Some of the most common health conditions affecting seniors today remain some of the most complicated to treat. While advances in medicine have given us greater understanding about cancers, and conditions like macular degeneration, hypertension, rheumatoid arthritis, and primary immunodeficiency diseases, effectively managing these illnesses and their symptoms often requires a significant amount of trial and error.
Even though physicians know which medications and treatments typically offer the best outcomes for any given disease, the reality is that patients respond differently. What worked for one might, unpredictably, fail for another. The best hope for patients is the flexibility to change course when appropriate, and ready access to the prescription drugs and biologics developed to combat these complicated conditions.
Unfortunately, access to these lifesaving therapies could soon suffer at the hands of a Centers for Medicare & Medicaid Services’s (CMS) initiative that focuses on costs rather than patients and health care quality. Last month, CMS released an ill-conceived proposal to test new payment models for Medicare Part B prescription drugs that many patients are concerned will negatively impact care.
I remain highly concerned that CMS’s proposal uses a cookie-cutter approach that fails to recognize the individual patient needs of America’s diverse Medicare population. Furthermore, by limiting access to prescription drugs and therapies, CMS is wedging itself between the patient and his or her physician – the only two individuals who should be making decisions about a patient’s course of care.
For Medicare patients, the impacts of CMS’s experiment could be dire. Reducing reimbursement to patients’ physicians to the level proposed would make it impossible for many providers to offer the most clinically effective treatment options to patients – forcing patients to forego prescribed therapies, or seek treatment in more expensive settings that increase costs to both patients and payers.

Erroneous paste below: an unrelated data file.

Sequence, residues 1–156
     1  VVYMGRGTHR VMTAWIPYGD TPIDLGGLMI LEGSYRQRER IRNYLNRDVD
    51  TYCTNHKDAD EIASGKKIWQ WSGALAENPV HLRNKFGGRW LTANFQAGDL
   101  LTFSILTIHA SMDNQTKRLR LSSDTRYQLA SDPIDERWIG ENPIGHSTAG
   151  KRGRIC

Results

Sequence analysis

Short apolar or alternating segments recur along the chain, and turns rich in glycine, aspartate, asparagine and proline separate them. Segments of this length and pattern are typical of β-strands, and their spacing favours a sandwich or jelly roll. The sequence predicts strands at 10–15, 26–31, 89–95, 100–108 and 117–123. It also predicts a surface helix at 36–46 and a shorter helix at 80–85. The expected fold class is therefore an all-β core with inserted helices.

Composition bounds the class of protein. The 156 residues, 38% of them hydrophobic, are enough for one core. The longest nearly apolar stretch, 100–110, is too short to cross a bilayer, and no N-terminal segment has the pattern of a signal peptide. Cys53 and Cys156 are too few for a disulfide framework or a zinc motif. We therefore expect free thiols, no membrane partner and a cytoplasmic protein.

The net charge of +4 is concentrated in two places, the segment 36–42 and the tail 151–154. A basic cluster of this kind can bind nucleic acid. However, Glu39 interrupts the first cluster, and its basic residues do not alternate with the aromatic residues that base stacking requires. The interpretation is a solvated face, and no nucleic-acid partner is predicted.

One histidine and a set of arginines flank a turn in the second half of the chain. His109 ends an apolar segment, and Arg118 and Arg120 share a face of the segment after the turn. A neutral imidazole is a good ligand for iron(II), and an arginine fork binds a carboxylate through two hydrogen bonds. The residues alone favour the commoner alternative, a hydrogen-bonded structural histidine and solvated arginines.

Further, there is absolutely no evidence that CMS’s proposed changes would improve quality of care for Medicare beneficiaries. In fact, I am highly concerned that these changes will adversely impact patients that lose access to the most appropriate and clinically effective treatments for their conditions, jeopardizing patient health and increasing risks for adverse effects and declines in health that will cost the system much more money over time.
Equally as troubling is the fact that CMS completely excluded patient advocates from the process they used to develop this payment model. There is a critical need for transparency, which was somehow lost in this exercise. We oppose any effort to expedite reforms that failed to engage the broader Medicare patient community, and which we warn will negatively impact patient access to life-saving and life-extending drugs.
CMS should consider what’s best for patients and for Medicare. The advances in treatment that have been made possible over the years simply can’t fail because of poor policies that don’t support their use. It’s time for CMS to stop this experiment and carefully consider the best interests of our nation’s Medicare patients.
Rose Gerber is director of patient advocacy and education at the Community Oncology Alliance (COA) and leads the COA Patient Advocacy Network (CPAN), a national network representing all members of the cancer community and advocating for access to local, affordable cancer care.